Some basic courtesy paves way for town board approval
A little common courtesy can go a long way at Eagle Town Hall.
Just ask Josh Thompson of Trinity Recycling.
Thompson’s business is located in a large commercial building in a west Eagle neighborhood. He needed a special use permit to open the shop and over time, operations at the metal recycling center grew to the point they not longer complied with the activities allowed. At that point the town became involved and recommended that Thompson seek an amendment to his special use to allow limited outside storage, operation of a metal baling machine and a collection trailer on site.
When Thompson appeared before the Eagle Planning and Zoning Commission for the permit hearing, a large contingent of his neighbors showed up to voice concerns about the overall operation.
“It has become apparent to the staff and the applicant that this facility isn’t a long-term compatible facility,” said town planner Tom Boni during Tuesday night’s Eagle Town Board hearing.
That’s what the planning commission decided also, and recommended a denial of the amended special use permit citing the business’s incompatibility with the surrounding residential neighborhood.
That’s when something unusual happened. Instead of proceeding down the official hearing path and duking it out before the Eagle Town Board, Thompson decided to reach out to his neighbors.
Pizza and planning
Thompson opened Trinity Recycling more than three years ago and quickly the operation became a victim of its own success. Thompson said he initially thought he’d have no trouble conducting business within the parameters of a special use permit that regulated noise and operations at the site. However, as demand for the service grew, he acknowledged that he stepped over those lines.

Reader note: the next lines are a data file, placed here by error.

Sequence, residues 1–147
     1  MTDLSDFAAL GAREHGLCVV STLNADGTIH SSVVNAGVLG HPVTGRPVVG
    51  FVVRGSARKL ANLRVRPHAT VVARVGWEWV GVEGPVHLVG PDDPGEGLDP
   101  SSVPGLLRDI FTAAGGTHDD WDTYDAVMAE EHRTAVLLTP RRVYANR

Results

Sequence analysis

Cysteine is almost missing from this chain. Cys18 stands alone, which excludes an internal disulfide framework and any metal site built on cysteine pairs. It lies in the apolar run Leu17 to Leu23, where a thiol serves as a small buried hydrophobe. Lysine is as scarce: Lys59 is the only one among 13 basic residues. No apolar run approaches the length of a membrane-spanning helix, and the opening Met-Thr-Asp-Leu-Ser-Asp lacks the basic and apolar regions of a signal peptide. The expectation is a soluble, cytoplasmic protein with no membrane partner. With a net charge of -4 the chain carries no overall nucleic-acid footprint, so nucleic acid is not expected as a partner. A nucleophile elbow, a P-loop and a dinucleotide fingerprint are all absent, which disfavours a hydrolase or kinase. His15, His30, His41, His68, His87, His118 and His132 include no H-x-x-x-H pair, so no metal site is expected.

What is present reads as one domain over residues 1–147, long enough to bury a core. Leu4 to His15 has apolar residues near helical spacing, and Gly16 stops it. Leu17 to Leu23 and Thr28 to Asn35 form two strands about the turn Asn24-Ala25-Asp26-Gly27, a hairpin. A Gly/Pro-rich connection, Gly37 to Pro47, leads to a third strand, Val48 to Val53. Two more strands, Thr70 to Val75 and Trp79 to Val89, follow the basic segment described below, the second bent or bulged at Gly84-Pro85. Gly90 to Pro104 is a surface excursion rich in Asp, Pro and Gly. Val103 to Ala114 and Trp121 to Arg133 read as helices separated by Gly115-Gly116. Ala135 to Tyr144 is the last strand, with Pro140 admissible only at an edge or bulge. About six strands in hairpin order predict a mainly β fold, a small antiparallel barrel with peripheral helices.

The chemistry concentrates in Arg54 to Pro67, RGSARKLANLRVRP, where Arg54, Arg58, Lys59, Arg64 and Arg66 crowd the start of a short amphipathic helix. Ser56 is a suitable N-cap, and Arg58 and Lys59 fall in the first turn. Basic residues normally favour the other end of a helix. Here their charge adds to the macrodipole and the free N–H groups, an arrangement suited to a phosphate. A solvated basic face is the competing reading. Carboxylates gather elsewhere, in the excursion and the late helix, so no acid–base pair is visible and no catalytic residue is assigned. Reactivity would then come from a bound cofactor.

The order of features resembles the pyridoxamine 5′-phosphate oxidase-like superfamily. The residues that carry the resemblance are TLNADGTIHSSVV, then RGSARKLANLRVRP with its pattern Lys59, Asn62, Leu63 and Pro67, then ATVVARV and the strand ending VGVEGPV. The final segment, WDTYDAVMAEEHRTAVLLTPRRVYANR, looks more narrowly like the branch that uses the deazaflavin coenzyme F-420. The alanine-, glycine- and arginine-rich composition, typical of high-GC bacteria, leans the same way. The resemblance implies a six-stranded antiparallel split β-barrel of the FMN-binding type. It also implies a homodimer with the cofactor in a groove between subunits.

“We have really caused heartache with our neighbors,” he told the town board Tuesday. “As much as I want to build up a business, I don’t want to ruin anyone’s neighborhood.”
After listening to neighbors’ concerns at the planning commission meeting, Thompsons hosted a pizza party at Trinity and invited everyone in the neighborhood to drop by and share their concerns. He noted the issues raised during the session came down to two main topics — noise and safety.
On the safety side, Thompson instituted some immediate changes. He posted no parking signs where his property fronts Castle Drive and he told his semi drivers that they needed to call ahead before they arrive at the site so business personnel can clear the area and minimize safety concerns.
The noise issue is a tougher fix and ultimately, the Thompsons came to the decision that their business just isn’t right for the neighborhood.
“We realized the ultimate solution is us finding an industrial location,” he said.
To that end, Thompson has listed the property for sale.
“I hope I can find a buyer for the building,” he said. “I hope we can stay in Eagle. This is such a hub and it’s so great. It’s easy for the community to come to us.”
Thompson hopes he can sell his building within the next year and move on. “We are trying to make things better, but in the meantime we are trying to make some peace with our neighborhood,” he said.
“I really appreciate what you are doing with your neighbors. You and your neighbors are the best ones to solve these problems,” said Eagle Town Board member Sarah Baker.
Members of the town board noted it is unusual to see a business owner reach out to neighbors in such a personal way when problems arise. They applauded Thompson’s initiative.
“I appreciate the good service to the community and I would also like to see it in another spot,” said member Kevin Brubeck.
While the planning commission saw a large contingent of neighbors protest the operations, only one neighbor attended Tuesday’s town board meeting and he spoke in favor of the business.
Town board members noted they were reluctant to reverse a planning commission recommendation, but at the same time they voiced desire to work with Thompson.
“This is a useful amenity for the majority of the community and a pretty significant headache for a minority,” said member Andy Jessen.
Ultimately the board unanimously approved the amended special use permit setting a two-year limit for the operation to continue. Additionally the board changed the business’s operating hours to 9 a.m. to 1 p.m. on Saturdays and stipulated the amendment was tied to the present owners.
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